top of page
  • Writer's

I’ll Be Happy When…

Union Station


January 2, 2024

From Susan David:

If you’re like most of us, you’ve recently had a thought pop into your head that starts with “I’ll be happy when…” I’ll be happy when I find the right relationship. When this big project is finally finished. When I can afford to buy a home. When I make partner at my firm. When I have kids. When the kids are grown and out of the house. When I retire. Such thoughts are exceedingly common, but is happiness really a goal we can achieve by crossing tasks off our lifetime to-do list?

The idea that happiness is a goal runs deep within our culture. Here in the United States, the right to “the pursuit of happiness” is even enshrined in our founding document, the Declaration of Independence. But this just isn’t how life works. Research tells us that people who orient themselves toward the goal of happiness actually experience lower levels of wellbeing and higher levels of depression, anxiety, and burnout. Like a mirage in the distance, the more we chase happiness, the further it recedes toward the horizon.

This can be a hard pill to swallow, especially for those who are goal-oriented. If you can’t categorize happiness as a goal, how are you supposed to achieve it? The truth is that happiness isn’t an outcome you get to check off a list; it’s the byproduct of living a life that is wholehearted and concordant. This is why those “I’ll be happy when” thoughts can be so damaging. They defer joy to some point in the future instead of allowing it to emerge organically from everyday life.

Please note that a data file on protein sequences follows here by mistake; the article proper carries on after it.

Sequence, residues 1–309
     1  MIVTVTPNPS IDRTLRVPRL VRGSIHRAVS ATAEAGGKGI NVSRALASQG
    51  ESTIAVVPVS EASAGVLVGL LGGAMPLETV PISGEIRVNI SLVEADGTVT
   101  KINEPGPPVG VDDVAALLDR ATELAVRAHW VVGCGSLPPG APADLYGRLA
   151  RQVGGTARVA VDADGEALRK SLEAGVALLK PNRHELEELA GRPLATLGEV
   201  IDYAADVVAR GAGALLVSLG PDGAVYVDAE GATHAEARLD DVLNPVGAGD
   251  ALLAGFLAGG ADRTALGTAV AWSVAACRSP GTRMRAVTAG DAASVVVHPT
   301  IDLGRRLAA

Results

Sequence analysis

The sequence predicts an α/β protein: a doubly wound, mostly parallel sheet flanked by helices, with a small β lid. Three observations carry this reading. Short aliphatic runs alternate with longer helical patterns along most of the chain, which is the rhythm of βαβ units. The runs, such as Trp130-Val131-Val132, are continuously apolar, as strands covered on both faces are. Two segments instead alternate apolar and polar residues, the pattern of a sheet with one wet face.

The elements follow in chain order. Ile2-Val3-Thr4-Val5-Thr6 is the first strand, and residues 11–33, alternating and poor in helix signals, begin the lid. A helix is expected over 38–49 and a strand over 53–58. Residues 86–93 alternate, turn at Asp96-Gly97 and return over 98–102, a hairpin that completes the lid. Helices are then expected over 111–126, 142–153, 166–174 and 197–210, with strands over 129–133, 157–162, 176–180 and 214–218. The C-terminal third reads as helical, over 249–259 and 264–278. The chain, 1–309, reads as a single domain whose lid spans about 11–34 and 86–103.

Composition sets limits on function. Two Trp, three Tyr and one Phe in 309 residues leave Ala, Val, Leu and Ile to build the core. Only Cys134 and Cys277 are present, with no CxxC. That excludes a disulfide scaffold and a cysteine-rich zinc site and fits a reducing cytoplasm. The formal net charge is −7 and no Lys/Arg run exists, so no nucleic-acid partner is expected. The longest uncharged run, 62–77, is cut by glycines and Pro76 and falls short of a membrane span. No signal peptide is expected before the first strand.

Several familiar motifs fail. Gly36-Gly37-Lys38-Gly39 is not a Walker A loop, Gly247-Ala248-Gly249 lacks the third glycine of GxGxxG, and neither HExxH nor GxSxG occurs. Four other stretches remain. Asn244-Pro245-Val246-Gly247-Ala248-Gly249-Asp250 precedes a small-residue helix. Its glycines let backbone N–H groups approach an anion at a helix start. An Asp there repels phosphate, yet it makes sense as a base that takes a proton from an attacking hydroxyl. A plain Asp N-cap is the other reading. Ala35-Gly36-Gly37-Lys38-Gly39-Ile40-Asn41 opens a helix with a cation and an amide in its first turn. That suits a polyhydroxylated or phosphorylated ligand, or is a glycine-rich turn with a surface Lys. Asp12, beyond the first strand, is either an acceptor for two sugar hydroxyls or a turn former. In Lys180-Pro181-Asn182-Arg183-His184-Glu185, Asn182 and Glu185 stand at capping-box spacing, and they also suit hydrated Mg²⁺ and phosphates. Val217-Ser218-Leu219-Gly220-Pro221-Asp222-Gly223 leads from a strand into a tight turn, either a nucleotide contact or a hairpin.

Paradoxically, the best way to move along the path to happiness is to forget about the path altogether.

Instead of asking yourself what will make you happy, ask yourself what you value. Our emotions are signposts that point us toward the things we care about, so it is crucial that we hear what they have to say. That knot in your stomach when a client’s demands force you to cancel dinner plans with your spouse? It was likely telling you that you value intimate relationships. The boredom you feel when each workday has the same shape as the one before? It might be letting you know that you value curiosity or creativity, and that you’re not spending enough time nurturing those values.

If you’re feeling down, it can be helpful to reframe the questions you ask yourself. Instead of “When will I finally be happy?,” ask “How can I live in alignment with my values?” Let those values be your compass and a happier, more fulfilling life will be a beautiful byproduct of that journey.

3 views0 comments

Recent Posts

See All


bottom of page